You also want to make sure you’re eating enough. Diet is very important.

      • Paul

        Hey Mike. I think I have faced that similar situation as Jorge above. If Im doing 65lb dumbbells and can hit 7 reps (instead of 6 as max) on my first set, after resting for 2-3 minutes sometimes I can only get 5 reps on my second set and then only 4 on my last set.

        In this situation if I did 6-7 reps on my first set and then “up’ed” the weight to 70lb dumbbells for my second set, I think I might barely get 3 reps. However, is this what you think we should try? Or try heavier weight the following week beginning with set 1?

        • Michael Matthews

          Yeah it happens. What I find works nicely is getting up to 8 reps and then moving up, that almost always allow for sets of 4 to follow…

          • Paul

            Will try that next time Im stuck. Thanks Mike!

          • Michael Matthews

            Okay cool! Lemme know how it goes.

  • David

    Hi Mike, how many days per week should i be training. Is doing just deadlift, squat, and bench enough during each of those daily workouts. I’ve been lifting for about 1.5 years but have stalled in gains. I wonder if I’m over training and not getting enough rest. Or possibly just not eating enough. 158lbs at 14% bf but hoping to get up to 160 or so but drop bf to 11%….. thanks

    • Michael Matthews

      Hmm well it really depends on what type of program you’re following. If you’re following a Starting Strength-esque program, 3-4x per week is all you can do. If you’re targeting one major muscle group per day, 5-6x per week is possible.

      I would LOVE to hear your thoughts on my Bigger Leaner Stronger program because you’re in a perfect place to start it. You will break through your plateau very easily…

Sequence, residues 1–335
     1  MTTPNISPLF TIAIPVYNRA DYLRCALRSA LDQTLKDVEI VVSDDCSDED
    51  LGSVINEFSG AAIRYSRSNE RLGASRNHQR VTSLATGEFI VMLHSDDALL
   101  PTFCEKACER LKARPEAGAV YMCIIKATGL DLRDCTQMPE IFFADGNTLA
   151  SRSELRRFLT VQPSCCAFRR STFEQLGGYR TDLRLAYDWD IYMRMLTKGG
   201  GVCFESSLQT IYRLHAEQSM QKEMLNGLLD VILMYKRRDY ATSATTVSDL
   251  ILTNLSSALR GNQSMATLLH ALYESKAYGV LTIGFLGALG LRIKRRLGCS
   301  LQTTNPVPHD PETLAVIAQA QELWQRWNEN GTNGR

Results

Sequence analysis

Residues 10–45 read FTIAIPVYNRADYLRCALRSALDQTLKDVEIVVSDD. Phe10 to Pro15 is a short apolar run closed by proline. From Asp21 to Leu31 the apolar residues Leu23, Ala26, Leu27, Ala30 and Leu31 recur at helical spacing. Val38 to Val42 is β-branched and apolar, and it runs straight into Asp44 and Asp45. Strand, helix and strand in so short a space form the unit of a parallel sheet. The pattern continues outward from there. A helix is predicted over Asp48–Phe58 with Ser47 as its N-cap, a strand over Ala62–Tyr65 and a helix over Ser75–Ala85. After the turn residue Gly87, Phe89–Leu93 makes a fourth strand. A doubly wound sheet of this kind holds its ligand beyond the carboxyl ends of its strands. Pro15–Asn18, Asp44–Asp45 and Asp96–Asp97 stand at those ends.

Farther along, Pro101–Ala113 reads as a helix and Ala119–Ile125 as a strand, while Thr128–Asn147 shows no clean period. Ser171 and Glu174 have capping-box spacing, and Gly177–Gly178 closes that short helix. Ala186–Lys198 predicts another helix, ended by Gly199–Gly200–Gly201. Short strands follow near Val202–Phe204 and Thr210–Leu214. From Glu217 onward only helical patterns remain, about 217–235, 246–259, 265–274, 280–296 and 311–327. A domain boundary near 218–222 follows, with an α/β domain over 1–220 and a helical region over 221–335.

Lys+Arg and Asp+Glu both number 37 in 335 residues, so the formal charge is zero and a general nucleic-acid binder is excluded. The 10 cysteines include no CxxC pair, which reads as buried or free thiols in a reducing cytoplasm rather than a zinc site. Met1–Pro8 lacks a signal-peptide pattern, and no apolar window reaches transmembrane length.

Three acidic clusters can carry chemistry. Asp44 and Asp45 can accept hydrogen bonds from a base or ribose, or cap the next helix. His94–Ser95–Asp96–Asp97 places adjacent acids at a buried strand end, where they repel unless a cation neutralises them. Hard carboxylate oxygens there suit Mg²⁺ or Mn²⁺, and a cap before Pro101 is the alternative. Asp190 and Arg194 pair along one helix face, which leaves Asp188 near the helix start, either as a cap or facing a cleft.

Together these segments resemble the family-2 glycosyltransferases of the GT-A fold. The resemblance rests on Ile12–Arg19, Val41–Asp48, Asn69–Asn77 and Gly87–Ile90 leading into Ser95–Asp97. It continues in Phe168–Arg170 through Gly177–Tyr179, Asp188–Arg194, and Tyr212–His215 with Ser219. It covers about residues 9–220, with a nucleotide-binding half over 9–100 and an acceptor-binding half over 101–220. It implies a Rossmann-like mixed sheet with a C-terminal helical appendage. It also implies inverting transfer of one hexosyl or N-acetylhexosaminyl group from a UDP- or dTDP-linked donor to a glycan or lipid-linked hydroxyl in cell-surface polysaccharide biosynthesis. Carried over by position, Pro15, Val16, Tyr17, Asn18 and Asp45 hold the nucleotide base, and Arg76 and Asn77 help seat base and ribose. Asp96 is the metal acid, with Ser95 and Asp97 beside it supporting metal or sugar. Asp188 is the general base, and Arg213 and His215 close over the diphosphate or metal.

• Chris

    Excellent article very well worded and delivers top quality information !!

    • Michael Matthews

      Thanks Chris!

  • Dany

    Hey Mike, also that’s a very intresting article, you have litterly elimnated all the “pre-known” bodybuilding therories that we were all convinced that they were correct once. I Have shifted now from 3 rounds 8 reps excerices to 3 rounds 6 reps exercices, only now I m lifting even heavier without feeling the burn that I used to feel in the last 2 reps, so is this a proper workout way? or I got it all wrong :S ? Thanks again Master 😀 !!

    • Michael Matthews

      Thanks Dany! Believe it or not there are quite a few bodybuilders that know the importance of heavy compound lifting, but the general mainstream advice is bad, yes.

      Yup you won’t feel that burn anymore, but remember the burn doesn’t mean anything special in terms of gains. It’s actually just annoying, lol.

      So get your 9-12 heavy sets per workout, always push for more reps than last week (if possible), and eat right, and you’ll do great!

  • Naldo

    Heavy compound movements: 3 sets of 5-8 reps. Isolation movements: 8-10 reps is all that is needed. As long as that weight on the bar/dumb bell is moving up you will make progress. But definitely agree that your diet makes up about 80% of the work. Bad nutrition/not enough = no gains regardless of how hard you go in the gym.

    • Michael Matthews

      I prefer 6-9 heavy sets per workout before any higher rep work is done, but you can do much worse than 3 per workout followed by 8-10. Yeah, poor diet ruins everything no matter how well you train.

  • Mark

    In your book you say that it takes between 2 and 5 days for your muscles to recover? Then why is it you recommend a once a week body part split? Why not train the muscle again within 2-5 days instead of 7?

    • Michael Matthews

      Because the amount of time it takes to recover really depends on how much damage you’re causing in your training. The BLS workouts are quite intense, and most people will need 4-5 days to fully recover.

      Also remember that because you’re doing a lot of compound movements, you’re training many of your muscle groups multiple times per week beyond the one day of direct training each get.

      Hope this helps!

  • TC

    When you say 9-12 sets per workout do you mean each exercise?

    • TC

      I’m sorry I wanted to be more clear with my question. When you say 4-6 reps at 9-12 sets per workout is that 9-12 sets for each exercise ex. squats, deadlifts, etc. or for the entire workout? Thanks for all the info!

      • Michael Matthews

        Nope, for the entire workout. 3-4 sets per exercise. Hope this helps!